FE 7-96, 8-87, 9-77 CG 67% GS 17%
A little background into what the purpose of this 'fatigue' system is. Many starters went deep into games during the 1930's, yet there is a stark difference between aces such as Slim Jones (who completed 92% of his game starts in 1934) and middle of the pack type pitchers. This new F/E model is designed to give real world game finishes to COTB baseball. Pitchers would get similar percentages of complete games as they actually did for their teams back then.
How it would work: Before the pitcher could start the 7th inning, he would have to pass a fatigue roll. In the example for McDonald, in the 7th, he would pass on rolls of 0 to 96. Then in the the 8th he would pass on roll of 0-87. In the 9th he would pass on a roll of 0-77. This is using 2 ten sided dice with an overall range of 0-99. The CG 67% indicates that McDonald completed 67% of the games he started in 1934. The GS 17% indicates that he made 17% of the pitching starts for his team that year.
There still would be an opportunity for pitchers to get yanked early. When the pitcher allows a certain number of runs, a penalty is imposed that reduces the chance that he can pitch deep into the game. After some early testing the penalties for runs allowed would be something like this:
4 runs allowed = -20 to F/E roll
5 runs allowed = -30, plus immediate F/E check. This immediate check is a one time occurrence, but another check would be required once 7 runs is allowed.
7 runs allowed = -50, plus immediate F/E check, plus a recurring check at the start of every inning as long as the original starting pitcher remains in the game.
10 runs allowed = -70, plus immediate F/E check, plus a recurring check at the start of every inning as long as the original starting pitcher remains in the game. It shouldn't come to this but want to include it so to ensure a pitcher isn't left in to give up 16 runs.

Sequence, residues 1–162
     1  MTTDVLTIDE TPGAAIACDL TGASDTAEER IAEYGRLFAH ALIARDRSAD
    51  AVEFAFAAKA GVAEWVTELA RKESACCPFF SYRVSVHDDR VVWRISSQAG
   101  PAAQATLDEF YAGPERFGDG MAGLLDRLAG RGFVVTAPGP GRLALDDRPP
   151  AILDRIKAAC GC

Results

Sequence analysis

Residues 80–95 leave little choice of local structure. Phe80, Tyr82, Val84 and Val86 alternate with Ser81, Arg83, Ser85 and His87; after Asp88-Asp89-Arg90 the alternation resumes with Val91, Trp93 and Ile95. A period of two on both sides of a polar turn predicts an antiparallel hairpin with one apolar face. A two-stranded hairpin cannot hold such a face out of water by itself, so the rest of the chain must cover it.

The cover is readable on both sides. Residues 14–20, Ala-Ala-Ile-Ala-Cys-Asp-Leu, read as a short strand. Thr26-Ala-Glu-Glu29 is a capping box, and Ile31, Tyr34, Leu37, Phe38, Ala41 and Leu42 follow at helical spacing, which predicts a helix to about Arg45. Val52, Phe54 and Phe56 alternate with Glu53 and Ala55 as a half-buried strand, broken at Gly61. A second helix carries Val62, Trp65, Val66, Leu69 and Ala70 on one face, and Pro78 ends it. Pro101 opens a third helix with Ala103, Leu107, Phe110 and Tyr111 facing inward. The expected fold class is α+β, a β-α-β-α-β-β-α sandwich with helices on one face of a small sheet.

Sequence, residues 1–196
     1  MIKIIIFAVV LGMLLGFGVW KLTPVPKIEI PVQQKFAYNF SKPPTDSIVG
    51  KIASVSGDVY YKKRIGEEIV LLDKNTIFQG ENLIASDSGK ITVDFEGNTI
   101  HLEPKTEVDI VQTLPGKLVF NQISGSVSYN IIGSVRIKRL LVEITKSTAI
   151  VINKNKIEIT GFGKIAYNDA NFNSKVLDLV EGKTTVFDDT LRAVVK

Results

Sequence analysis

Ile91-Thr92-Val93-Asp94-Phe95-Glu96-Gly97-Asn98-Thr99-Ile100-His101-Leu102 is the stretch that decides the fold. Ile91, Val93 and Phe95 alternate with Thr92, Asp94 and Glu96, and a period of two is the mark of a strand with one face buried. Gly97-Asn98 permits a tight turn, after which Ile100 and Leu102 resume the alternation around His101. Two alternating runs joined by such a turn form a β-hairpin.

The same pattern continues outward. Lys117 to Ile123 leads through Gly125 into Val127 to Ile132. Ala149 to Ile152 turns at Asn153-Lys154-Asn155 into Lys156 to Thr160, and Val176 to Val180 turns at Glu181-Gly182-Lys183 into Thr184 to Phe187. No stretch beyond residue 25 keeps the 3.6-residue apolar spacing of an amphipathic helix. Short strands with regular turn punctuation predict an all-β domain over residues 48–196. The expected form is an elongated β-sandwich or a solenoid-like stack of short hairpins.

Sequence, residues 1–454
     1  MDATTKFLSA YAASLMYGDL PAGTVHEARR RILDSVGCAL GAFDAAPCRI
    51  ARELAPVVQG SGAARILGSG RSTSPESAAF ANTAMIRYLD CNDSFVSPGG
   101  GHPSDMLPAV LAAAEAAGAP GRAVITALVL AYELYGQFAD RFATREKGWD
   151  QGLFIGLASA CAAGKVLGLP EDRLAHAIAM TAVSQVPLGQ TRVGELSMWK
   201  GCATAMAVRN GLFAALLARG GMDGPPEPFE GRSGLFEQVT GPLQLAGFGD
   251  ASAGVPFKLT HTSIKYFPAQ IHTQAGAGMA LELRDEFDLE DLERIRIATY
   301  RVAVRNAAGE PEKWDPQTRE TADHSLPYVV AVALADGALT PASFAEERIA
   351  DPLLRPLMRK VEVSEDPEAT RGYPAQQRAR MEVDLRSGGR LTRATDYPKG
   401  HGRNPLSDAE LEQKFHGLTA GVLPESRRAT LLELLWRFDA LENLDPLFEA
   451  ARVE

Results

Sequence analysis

The penalties are applied to the FE value for the inning that applies to the check. Any check during the 7th inning or earlier using the FE 7 value as the baseline. A check occuring in the 8th uses the FE 8 value with any penalties applied to that.
Allowing 5 runs requires an early check (before the 7th) So a pitcher could get yanked in the 1st inning if he allowed 5 runs in the 1st. There should be this chance because I saw a game in 1973 where Nolan Ryan only lasted 2/3rd of an inning after issuing 5 runs. This early check is a one time thing, so if passed the next check isn't required until the start of the 7th inning. The penalty of -30 for allowing 5 runs would still apply for checks in the 7th, 8th and 9th.
Here is an example of a worst case scenario. Wester McDonald allows his 5th run in the 2nd inning. He is immediately required to do a FAT roll. You use his 7th inning value of 96-30 (the 5 run penalty) = 66. He passes this with a roll of 61. Still in the same inning he allows his 7th run. A new roll is performed using 96-50 (the 7 run penalty)= 46. He passes this check with a roll of 34. So he makes it through the 2nd inning. In order to start the 3rd he must pass another check with the 7 run penalty. Once again he must roll a 46 or less. He rolls a 26 so can pitch the 3rd. With 2 outs he allows his 8th run and another roll is required. This time he rolls a 68 and must be removed immediately.
Now 85% of the time you would only need 3 or maybe 4 rolls a game. The occasional crazy game might require rolls similar to the example above. In early testing I found it only adds another minute to game times.
Exemptions to FE rolls
A pitcher who has only allowed 1 run or less would be exempt from the 7th and 8th inning rolls but would still be subject to the 9th inning FE check.
A pitcher who has only either a shutout or a no hitter going is exempt from a 9th inning FE check.